Jesuit high school will no longer be recognized as a Catholic after refusing to dismiss a gay teacher
An Indiana Catholic School will lose its religious appointment on Friday after officials refused to dismiss an openly gay teacher.
The Archdiocese of Indianapolis announced on Thursday that it will no longer recognize the Brebeuf Jesuit Preparatory School as a Catholic because the school does not dismiss the nameless teacher.
The Catholic governing body, which manages 126 parishes, 68 schools and six Catholic charities in central and southern Indiana, has, according to its website, addressed the problem with Brebouf, an independent Catholic school, since it discovered two years ago that the school was a teacher in marriage same-sex staff.
Archbishop Charles Thompson is expected to issue a formal decree setting out the verdict of the Archdiocese on Friday.
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The Archdiocese of Indianapolis announced on Thursday that it would no longer recognize the Brebeuf Jesuit Preparatory School as a Catholic because the school would not dismiss the unnamed teacher who is in the same same-sex marriage. Archbishop Charles Thompson (photo) is expected to issue a formal decree setting out the ruling of the Archdiocese on Friday
Administrators of the Brebeuf Jesuit Preparatory School (photo) in Indianapolis have pushed back against the demands of the Archdiocese to dismiss a homosexual teacher and wondered whether the Archdiocese has the authority to control the school's staff decisions or are religious conviction
A statement received on Thursday from the Associated Press says that the Jesuit of Brebeuf & # 39; can no longer use the name Catholic and will no longer be recognized or recognized as a Catholic institution. & # 39;
& # 39; Whether they teach religion or not, all pastors in their professional and private lives must convey and support the lessons of the Catholic Church. The Archdiocese of Indianapolis recognizes all teachers, counselors, and administrators as ministers, & said the Archdiocese.
The administrators of the Brebeuf have withdrawn against the demands of the Archdiocese to end the teacher's employment and wonder if they have the authority to regulate the school's personnel decisions or to revoke its religious beliefs.
& # 39; As far as we know, the direct insertion of the Archdiocese of Indianapolis into an employment issue of a school governed by a religious order is unprecedented & # 39 ;, the Brebeuf directors said in a statement on Thursday evening to community members.
School posted a challenging post on Twitter
& # 39; After long and prayerful thinking, we have found that following the Archdiocese directive would not only violate our informed conscience about this specific issue, but would also create a worrying precedent for future interference in school activities and other governance issues. who has had Brebeuf Jesuit leadership historically the only right and privilege to tackle and decide. & # 39;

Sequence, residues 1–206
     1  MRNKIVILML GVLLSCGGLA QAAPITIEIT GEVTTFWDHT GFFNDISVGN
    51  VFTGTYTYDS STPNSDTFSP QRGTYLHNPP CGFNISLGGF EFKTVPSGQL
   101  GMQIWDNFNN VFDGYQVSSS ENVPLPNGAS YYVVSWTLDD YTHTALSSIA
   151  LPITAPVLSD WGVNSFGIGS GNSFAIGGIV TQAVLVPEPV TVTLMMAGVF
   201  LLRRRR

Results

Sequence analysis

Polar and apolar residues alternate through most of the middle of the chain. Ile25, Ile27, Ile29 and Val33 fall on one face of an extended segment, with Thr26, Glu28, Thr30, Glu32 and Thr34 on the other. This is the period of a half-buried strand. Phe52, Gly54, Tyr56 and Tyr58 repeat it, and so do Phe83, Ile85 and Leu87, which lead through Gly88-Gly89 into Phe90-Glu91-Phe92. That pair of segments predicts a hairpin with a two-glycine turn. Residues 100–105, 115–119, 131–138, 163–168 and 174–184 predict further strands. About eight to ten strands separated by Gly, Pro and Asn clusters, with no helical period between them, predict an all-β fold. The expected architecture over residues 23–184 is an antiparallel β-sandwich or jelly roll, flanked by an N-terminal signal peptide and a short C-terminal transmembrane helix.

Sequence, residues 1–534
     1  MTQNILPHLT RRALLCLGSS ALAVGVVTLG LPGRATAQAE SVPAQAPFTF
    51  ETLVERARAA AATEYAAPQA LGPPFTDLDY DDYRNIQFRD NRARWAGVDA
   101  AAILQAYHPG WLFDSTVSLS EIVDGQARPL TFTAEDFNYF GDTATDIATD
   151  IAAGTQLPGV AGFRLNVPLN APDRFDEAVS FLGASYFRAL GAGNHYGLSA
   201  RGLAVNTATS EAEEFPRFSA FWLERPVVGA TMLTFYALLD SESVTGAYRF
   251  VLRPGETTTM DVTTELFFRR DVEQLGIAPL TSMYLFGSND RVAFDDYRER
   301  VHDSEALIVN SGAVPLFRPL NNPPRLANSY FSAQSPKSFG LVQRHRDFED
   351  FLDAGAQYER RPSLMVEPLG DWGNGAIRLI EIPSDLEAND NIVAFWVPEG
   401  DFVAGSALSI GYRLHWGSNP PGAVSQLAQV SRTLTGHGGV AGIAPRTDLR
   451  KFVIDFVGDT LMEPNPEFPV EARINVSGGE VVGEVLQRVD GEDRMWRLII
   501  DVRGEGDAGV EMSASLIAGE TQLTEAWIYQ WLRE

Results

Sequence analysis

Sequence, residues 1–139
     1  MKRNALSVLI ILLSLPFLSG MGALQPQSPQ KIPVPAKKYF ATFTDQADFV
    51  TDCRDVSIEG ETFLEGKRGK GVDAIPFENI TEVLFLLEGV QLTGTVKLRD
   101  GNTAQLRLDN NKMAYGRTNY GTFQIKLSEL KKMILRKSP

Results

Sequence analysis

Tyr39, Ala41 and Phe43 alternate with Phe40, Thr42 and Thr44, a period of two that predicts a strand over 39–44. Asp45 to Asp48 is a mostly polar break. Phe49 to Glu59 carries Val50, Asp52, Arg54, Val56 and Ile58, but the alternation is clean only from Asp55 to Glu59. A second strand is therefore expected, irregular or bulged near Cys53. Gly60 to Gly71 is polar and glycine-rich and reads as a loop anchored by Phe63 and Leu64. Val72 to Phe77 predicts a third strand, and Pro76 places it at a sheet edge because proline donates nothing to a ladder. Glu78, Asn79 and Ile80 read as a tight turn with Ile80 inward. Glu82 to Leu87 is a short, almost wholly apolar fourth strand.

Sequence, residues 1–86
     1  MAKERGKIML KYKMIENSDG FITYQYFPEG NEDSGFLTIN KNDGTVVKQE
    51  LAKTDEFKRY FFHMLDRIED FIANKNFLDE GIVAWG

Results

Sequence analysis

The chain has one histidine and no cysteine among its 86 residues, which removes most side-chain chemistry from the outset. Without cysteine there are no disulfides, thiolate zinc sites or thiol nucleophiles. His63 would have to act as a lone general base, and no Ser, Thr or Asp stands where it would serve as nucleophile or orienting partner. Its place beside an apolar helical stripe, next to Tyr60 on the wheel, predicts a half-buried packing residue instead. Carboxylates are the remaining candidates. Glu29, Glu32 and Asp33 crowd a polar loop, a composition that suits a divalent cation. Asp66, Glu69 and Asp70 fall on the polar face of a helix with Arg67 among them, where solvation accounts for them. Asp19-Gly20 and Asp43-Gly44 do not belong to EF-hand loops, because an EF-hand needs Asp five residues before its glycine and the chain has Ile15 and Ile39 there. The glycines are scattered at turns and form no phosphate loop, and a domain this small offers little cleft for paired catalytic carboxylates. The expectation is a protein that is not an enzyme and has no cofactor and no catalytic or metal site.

After hearing the provisional decision of the Archdiocese Thursday, Brebeuf President Friar Bill Verbryke named the occasion & # 39; a very sad and difficult day & # 39 ;.
Brebeuf Chairman Brother Bill Verbryke called the occasion & # 39; a very sad and difficult day & # 39 ;.
& # 39; We will continue to function as a Catholic and as a Jesuit school, & # 39; said the president provocatively in a video record on the school's Twitter account. & # 39; Thank you for your support. I ask for your constant support. But above all I ask that we are all respectful and praying for all involved. & # 39;
School leaders, who have been around since 1962 and currently have about 800 enrolled students, have vowed to continue operating as a Catholic institution, regardless of what the Archdiocese explains.
& # 39; We will continue to offer a rigorous academic program that follows over 450 years of Jesuit tradition and is dedicated to expansive and critical thinking, competent and compassionate ethical concern, creative and artistic expression, and excellence based on belief and human dignity person, & # 39; said the Brebeuf administrators in a statement.
Pope Francis has expressed mixed signals about his attitude toward homosexuality and same-sex marriage, and told reporters about Rome so recently in April that homosexual tendencies & # 39;are not a sin, & # 39; but stop ordering an openly gay lifestyle or gay marriage.
A year ago, the survivor of the Chilean Catholic sexual abuse Juan Carlos Cruz, who is gay, said the pope told him that his sexuality, & # 39; does not matter & quot; during their meeting in the Vatican, according to CNN.
& # 39; God made you that way. God loves you so much. The Pope loves you so much and you must love yourself and not worry about what people say, & said the Pope, according to Cruz.
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